I don't like the good ones and don't like the bad ones. For some reason, I think Data (the android on Star Trek that could not feel) had a real advantage. He could see things without emotions blinding him and could make decisions based on logic and not feelings. Spock was always so logical too.

Even the good emotions seem to cause pain or a longing to do silly things to keep a good emotion. The bad emotions... well, are there really any good or bad emotions? In reality, aren't they just chemical changes in the brain that happen based on sensory triggers and learned responses?

Spouses cheat on their deployed spouses to some how feel love or acceptance in their service member's absence. Service members feel jealous over a plumber coming over to fix a busted pipe. Suicides are the results of feeling hopeless about situations that are most often temporary and based almost entirely on emotions.

3 marriages are on the rocks right now because of either infidelity or perceived infidelity, and that is just out of 20 or so guys, in the last 2 months. 2 months? Are you kidding me?

Last time I was out here, a Marine suck-started his M-16 in a port-a-john because he was feeling lonely. It was a 7 month deployment... only 7 months.

Here come the holidays. People here either get really depressed, really withdrawn, or totally immersed in their jobs. Why? Because they feel or so they don't have to feel.

The love I have for my family makes me miss them, so without that emotion of love, I would be better able to focus on my work?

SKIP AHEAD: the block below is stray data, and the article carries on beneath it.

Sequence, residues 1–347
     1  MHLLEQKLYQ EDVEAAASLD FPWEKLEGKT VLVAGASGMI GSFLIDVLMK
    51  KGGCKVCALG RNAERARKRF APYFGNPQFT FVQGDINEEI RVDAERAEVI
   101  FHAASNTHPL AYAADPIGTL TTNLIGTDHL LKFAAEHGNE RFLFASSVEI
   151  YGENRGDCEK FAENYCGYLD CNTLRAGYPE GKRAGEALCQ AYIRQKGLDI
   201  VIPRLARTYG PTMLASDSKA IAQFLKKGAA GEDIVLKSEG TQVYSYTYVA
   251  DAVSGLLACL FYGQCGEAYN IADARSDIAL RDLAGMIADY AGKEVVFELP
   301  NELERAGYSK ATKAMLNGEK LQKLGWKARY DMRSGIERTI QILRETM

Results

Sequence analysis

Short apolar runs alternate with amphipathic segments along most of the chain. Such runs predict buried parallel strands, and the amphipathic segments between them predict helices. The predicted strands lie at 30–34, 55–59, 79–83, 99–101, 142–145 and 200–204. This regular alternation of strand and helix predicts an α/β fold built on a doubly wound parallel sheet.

Emotions make it hard to survive in a combat zone. Fear causes hesitation and hesitation makes you slower on the trigger than your enemy. Care about your Marines makes you hesitate before sending them into combat at all, for fear that they could be hurt.

Trust is so much more logical. I simply trust the Marine to do his job because he is a consummate professional. There is no fear involved or love or compassion. Unfortunately some of these emotions cause there to be a lack of trust though.

Acceptance is not a feeling, it is a state of being. You either are or are not accepted. Let an emotion get in there though and now there are some that are more accepted than others and some that are jealous or ashamed or ....

Then there is God. God is love. Why can't God be courage? Courage is feeling fear and acting anyway. Acting despite a silly emotion.

I really struggle with emotions.

Most Iraqi's right now are doing things that are counter-productive because of some fear or another. Many of their fears are founded in reality, but that doesn't make them any more or less influential on the Iraqi's actions.